Actions speak louder than words. If you want your message to ring loud and clear, you should consider being seen just as much as being heard. More than just getting funds for your cause, postcard printing goes a long way in helping you spread awareness about your advocacy.

These easy to handle postcards are perfect for direct-mail-marketing to your prospect donors or volunteers. It is inexpensive to print and very manageable to mail, simply work with your printer to work out the mailing solutions. So whether you’re building up a fundraiser in your community or putting together a nationwide campaign, you can count on postcards to getting your message listened to.

Here are a few tips on conceptualizing your postcard theme, design, and text:

1. Start with a Powerful Photo

Postcards are mailed without an envelope so the first thing your recipient will see is the full colored face. Use an interesting photograph that will pique the interest of the viewer. As a general rule, photographs with people in them captures human interest better than other graphics, and pictures of children and babies are particularly powerful.

2. Work the Caption

Captions in general should contain between one to thirteen words. Anything beyond thirteen may look too complicated and laborious to read. You can simply cut short the caption and use the rest of it as a subhead. Short captions stick better, but longer captions tend to be more convincing.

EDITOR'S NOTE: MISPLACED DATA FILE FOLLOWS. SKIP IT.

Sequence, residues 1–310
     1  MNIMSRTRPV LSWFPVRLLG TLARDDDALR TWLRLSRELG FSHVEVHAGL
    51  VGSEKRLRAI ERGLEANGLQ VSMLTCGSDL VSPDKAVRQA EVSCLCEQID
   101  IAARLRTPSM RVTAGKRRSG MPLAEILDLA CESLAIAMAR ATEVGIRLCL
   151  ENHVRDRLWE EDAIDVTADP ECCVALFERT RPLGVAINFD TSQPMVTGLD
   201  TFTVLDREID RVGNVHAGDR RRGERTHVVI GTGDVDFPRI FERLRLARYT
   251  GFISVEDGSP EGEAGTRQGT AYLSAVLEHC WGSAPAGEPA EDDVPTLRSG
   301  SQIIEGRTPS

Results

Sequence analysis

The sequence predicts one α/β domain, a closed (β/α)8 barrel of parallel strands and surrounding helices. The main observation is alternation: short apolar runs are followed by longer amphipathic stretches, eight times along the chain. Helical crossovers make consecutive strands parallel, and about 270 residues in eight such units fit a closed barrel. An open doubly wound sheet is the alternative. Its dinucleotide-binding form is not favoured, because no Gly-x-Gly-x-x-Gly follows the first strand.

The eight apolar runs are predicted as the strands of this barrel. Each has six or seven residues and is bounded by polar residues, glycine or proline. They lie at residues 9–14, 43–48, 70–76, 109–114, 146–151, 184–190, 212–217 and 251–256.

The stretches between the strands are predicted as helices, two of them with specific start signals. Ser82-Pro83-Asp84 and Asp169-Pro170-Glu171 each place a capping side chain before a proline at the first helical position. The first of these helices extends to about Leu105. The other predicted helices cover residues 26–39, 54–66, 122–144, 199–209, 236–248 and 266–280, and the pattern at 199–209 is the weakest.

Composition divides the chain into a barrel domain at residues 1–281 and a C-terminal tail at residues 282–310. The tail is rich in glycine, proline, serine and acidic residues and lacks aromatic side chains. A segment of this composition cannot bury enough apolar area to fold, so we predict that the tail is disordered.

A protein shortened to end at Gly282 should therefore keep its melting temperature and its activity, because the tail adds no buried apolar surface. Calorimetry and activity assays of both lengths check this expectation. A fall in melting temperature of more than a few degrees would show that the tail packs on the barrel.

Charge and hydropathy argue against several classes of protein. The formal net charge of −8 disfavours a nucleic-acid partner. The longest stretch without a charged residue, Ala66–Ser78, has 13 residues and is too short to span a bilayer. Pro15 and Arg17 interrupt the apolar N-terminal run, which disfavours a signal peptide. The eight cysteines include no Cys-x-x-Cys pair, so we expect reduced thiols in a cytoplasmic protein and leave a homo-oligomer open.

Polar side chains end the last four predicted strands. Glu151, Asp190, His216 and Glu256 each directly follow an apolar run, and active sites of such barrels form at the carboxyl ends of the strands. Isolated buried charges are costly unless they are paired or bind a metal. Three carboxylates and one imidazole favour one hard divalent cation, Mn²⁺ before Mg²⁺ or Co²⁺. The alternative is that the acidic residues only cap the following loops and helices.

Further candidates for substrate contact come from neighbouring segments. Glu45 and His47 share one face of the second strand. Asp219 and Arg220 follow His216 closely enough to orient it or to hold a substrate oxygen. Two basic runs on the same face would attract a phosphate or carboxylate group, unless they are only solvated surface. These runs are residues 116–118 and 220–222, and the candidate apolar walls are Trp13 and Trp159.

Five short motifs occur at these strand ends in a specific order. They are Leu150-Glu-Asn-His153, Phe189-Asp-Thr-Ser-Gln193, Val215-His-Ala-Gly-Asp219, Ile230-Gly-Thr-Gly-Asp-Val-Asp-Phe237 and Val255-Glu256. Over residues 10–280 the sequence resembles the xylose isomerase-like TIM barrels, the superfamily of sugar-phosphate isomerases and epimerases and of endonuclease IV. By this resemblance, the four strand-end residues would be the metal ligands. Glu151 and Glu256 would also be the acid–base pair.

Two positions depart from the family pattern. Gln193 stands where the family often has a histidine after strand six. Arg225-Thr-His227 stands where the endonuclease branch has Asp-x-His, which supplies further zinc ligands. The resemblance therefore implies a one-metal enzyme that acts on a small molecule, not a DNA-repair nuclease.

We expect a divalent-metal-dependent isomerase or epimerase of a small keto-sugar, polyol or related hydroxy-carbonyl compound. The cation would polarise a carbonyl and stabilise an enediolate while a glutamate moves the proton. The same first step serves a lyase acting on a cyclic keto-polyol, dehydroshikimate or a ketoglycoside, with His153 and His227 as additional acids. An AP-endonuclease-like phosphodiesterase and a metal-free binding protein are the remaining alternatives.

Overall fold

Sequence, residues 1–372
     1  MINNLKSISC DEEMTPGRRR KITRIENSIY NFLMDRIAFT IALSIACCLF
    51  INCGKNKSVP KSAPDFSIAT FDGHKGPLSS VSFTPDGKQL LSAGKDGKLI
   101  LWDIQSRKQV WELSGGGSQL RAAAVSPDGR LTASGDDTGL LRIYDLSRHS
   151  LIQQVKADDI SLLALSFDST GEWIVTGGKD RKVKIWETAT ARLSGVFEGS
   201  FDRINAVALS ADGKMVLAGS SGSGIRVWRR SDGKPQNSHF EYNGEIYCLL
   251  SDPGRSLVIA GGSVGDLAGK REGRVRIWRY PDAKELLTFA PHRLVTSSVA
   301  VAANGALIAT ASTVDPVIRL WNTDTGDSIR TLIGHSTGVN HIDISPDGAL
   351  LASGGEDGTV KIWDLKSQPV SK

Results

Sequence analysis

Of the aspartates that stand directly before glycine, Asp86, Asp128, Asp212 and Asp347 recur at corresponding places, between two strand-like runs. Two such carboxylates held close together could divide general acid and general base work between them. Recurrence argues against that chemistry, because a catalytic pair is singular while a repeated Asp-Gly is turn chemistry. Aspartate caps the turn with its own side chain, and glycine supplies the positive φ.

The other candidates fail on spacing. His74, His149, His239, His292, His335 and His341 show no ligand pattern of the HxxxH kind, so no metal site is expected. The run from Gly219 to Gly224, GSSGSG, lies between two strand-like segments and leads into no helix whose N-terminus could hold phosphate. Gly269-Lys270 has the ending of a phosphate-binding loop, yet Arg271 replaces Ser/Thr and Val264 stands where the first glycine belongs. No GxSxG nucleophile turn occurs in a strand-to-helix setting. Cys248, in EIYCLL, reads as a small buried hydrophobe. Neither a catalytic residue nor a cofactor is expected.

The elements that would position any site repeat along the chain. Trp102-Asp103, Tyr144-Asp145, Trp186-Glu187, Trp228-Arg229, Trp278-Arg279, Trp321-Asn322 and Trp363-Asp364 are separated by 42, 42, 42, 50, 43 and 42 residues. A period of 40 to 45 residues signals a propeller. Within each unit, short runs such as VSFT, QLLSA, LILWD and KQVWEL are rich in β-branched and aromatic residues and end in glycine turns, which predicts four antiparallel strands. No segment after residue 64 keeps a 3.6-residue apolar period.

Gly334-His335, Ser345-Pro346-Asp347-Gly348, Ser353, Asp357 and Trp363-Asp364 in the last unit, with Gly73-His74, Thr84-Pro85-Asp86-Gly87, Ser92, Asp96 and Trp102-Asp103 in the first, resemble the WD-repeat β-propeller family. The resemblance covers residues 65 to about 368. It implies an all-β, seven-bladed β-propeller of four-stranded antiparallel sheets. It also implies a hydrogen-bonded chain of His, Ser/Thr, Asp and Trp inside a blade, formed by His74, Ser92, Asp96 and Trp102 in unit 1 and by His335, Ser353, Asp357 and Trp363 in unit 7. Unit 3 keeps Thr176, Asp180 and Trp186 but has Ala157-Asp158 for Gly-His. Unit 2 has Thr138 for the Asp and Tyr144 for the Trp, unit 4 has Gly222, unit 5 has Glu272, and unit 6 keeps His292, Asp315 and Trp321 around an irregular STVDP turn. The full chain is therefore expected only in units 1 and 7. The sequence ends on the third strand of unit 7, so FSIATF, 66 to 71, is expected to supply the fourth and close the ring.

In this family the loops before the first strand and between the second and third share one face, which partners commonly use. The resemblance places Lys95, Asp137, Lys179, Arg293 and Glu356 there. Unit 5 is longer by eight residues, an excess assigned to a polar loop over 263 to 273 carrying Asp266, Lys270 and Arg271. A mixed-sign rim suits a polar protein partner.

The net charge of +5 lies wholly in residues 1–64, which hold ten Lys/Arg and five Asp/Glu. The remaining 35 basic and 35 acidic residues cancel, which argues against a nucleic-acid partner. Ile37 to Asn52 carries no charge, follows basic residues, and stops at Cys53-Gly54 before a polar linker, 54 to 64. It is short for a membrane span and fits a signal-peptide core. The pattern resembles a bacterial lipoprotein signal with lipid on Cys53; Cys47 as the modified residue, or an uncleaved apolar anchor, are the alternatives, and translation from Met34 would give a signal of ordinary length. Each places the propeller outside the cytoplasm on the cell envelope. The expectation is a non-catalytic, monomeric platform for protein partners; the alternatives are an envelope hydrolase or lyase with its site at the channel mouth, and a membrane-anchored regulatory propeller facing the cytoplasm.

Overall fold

3. Tell stories.

Weave your message contextualizing it through statistics, but also individualize these numbers by giving the persons behind it a name and a story. This makes the impact of your advocacy clear to the minds of the readers. You can use the front of the postcard to show a photograph that make your story even more forceful and will put a face to the name.

4. Point to a Solution.

Although you start your postcard with contextualizing a problem, you should take a proactive approach and focus on hope and solutions. Focus on using sympathy for more productive means. Showing your audience that such a problem is avoidable poises them to be in a helping mode rather than simply depressed.

5. Be clear and specific with what you need.

Set a goal you want to attain and what the recipient can do to help you attain your goal. Be sure you set the goal in quantifiable or measurable terms. You can make suggestions as to what kind of service you would want from the recipient but also give them alternatives in case they can’t comply with your request.

6. Invite them to Share the Message.

People are very social beings. They become more convinced when they have other people to share their convictions with. Asking people to talk about the advocacy with other people and brainstorming ideas is a good way to develop a helping community spirit.

Check an online printing company for the standard rates of postcard printing. You will be surprised at how cheaply these cards can be printed with bigger volumes. Ask them about their mailing program as well as it can go a long way in making direct-mail-marketing easier for you.

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